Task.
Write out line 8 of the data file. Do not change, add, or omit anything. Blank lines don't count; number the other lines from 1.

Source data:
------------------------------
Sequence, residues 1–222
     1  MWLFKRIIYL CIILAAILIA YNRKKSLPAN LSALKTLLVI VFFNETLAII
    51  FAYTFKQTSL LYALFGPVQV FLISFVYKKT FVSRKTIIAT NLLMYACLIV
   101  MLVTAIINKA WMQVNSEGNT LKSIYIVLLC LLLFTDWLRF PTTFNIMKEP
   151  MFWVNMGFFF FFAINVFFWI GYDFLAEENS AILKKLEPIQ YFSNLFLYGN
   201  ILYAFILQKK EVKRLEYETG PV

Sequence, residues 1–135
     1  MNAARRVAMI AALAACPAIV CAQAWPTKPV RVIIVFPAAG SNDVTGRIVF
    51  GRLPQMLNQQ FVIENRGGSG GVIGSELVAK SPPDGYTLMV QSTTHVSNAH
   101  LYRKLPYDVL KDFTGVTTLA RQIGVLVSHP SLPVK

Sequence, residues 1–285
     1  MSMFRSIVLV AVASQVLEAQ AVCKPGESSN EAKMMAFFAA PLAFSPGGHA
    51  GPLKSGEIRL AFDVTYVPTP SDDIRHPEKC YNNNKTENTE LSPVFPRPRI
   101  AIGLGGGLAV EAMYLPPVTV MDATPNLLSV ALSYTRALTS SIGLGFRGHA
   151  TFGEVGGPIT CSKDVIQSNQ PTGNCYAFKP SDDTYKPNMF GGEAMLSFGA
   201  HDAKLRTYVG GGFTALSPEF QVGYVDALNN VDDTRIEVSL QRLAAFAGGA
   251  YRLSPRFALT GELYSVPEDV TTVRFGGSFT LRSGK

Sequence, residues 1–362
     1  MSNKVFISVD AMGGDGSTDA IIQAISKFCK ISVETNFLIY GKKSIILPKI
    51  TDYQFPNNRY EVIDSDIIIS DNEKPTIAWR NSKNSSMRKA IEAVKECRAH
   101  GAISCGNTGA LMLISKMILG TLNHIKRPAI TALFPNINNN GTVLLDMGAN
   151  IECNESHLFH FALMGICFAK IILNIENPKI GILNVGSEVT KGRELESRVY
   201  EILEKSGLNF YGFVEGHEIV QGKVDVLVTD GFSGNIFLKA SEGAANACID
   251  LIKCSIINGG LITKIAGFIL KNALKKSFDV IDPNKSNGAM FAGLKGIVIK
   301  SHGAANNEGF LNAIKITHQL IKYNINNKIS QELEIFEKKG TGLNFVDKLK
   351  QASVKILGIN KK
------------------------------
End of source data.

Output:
     1  MNAARRVAMI AALAACPAIV CAQAWPTKPV RVIIVFPAAG SNDVTGRIVF